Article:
For ITER, Neumeyer and his team have now purchased 12 of the 16 electrical groups that PPPL is providing for the SSEN, whose 120 megawatts will be enough to run a small city. The team has done this on time, at a cost well below budget, by carefully selecting the most efficient contractors from around the world. “I’m really happy that the contracts we have placed are going to the best companies to do the work,” Neumeyer said. “By issuing one contract at a time, rather than handing everything to one company, we’ve been able to pick and choose the best qualified manufacturers at the most competitive pricing.”
None of this would have been possible without teamwork, Neumeyer added. He offered special thanks to engineer John Dellas; planning and control officer Skip Schoen; quality assurance specialist Frank Malinowski; shipping logistics coordinator Barry Jedic, and document control specialist Kathleen Lukazik. “We all work together,” he said.
Maingi is known throughout the world as an expert on the physics of the plasma edge and for program leadership. When the DoE management in Fusion Energy Sciences under the Office of Science sponsored a nationwide community strategic planning activity and workshop on Plasma Materials Interactions earlier this year, Maingi was chosen to chair the entire process, and hosted the workshop held at PPPL in May.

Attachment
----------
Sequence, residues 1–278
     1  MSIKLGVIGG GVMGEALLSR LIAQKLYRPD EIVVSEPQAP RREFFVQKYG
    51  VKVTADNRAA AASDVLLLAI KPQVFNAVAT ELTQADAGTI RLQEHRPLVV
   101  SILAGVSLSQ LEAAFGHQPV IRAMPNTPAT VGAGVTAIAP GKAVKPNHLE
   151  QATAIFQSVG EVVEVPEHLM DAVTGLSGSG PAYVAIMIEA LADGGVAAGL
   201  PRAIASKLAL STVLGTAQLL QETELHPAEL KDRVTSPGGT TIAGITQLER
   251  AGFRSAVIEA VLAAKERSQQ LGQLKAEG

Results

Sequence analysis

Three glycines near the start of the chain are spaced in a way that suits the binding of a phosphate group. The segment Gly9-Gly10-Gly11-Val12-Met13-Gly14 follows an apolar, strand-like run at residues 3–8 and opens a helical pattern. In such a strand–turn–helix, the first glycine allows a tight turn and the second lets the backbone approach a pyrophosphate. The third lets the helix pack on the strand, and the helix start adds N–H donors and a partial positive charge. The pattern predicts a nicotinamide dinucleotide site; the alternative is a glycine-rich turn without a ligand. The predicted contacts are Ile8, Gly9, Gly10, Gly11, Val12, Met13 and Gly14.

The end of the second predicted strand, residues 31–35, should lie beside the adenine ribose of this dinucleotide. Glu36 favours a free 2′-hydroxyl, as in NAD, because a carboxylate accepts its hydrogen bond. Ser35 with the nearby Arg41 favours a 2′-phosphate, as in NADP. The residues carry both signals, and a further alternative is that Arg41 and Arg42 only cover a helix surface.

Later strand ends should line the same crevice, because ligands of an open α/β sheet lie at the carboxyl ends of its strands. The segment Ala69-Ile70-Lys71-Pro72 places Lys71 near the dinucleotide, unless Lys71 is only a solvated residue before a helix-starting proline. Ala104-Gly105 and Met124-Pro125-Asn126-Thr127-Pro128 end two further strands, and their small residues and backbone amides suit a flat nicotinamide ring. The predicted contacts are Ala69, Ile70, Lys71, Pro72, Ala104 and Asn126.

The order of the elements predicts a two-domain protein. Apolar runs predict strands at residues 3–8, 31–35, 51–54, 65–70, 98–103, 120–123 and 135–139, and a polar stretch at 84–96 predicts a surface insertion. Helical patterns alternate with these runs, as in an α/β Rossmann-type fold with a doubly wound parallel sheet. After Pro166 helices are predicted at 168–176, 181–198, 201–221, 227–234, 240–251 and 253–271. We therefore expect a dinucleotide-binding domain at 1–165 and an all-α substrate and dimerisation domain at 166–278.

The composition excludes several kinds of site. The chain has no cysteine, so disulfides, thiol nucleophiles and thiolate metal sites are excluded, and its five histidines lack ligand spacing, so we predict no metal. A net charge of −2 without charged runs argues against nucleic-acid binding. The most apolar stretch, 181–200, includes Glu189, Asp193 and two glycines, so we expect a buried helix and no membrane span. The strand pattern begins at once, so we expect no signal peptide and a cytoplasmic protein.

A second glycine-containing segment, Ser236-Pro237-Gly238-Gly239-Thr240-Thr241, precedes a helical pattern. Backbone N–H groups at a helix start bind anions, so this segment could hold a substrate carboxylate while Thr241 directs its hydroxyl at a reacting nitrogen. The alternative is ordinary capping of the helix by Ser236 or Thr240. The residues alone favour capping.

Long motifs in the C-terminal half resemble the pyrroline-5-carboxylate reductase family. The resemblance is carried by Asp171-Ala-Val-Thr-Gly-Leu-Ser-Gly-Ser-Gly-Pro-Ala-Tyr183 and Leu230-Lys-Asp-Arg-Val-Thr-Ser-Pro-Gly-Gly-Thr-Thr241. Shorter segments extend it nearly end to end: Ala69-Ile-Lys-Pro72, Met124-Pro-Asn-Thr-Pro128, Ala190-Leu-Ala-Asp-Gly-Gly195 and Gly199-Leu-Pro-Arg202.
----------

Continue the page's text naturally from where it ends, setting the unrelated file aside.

Yet he is modest about his achievements and renown. “I had no idea I had been nominated” for this award, he recalls. "I'm very, very happy to have been selected. There are many talented, smart, and wonderful people here, and any of them could have won this award. So if you're actually selected, it's a huge honor."
Results of Maingi’s research are highly valued. "Rajesh has made many important contributions to boundary physics on NSTX and has many great research results yet to come on NSTX-U,” said Jon Menard, program director for NSTX-U. “For example, his work on understanding the impact of lithium wall coatings on tokamak plasma performance is helping to spread lithium research to other devices around the world. Rajesh is very highly deserving of this Distinguished Research Fellow Award."
Maingi joined the PPPL staff in 2012, but that wasn't the first time he had stepped on to the Laboratory's campus. From 1999-to-2012 he was on long-term assignment to the National Spherical Tokamak Experiment (NSTX) project from Oak Ridge National Laboratory. Understanding the behavior of the edge of fusion plasma is important because the plasma is so much hotter than the surrounding materials that uncontrolled interactions can damage the tokamak's walls.
Maingi’s research includes what happens when plasma interacts with lithium. Conducting experiments on a suite of international fusion machines — NSTX-U, DIII-D in San Diego, EAST in Hefei, China, and ASDEX-U in Garching, Germany — Maingi studies the behavior of components coated with lithium, the characteristics of surfaces made up of liquid lithium, and the effects of lithium aerosol sprayed directly into plasmas. Physicists have learned that lithium improves a tokamak's performance, and that lithium particles will not shut down fusion reactions as quickly as other impurities will.
Rajesh first got interested in fusion as a high school senior in 1983. In fact, while working on a senior research project he consulted physics papers written by PPPL scientists. He never expected, though, that his career would bring him to the institution that housed those very researchers. "I never thought I'd end up at the same place!" he recalls.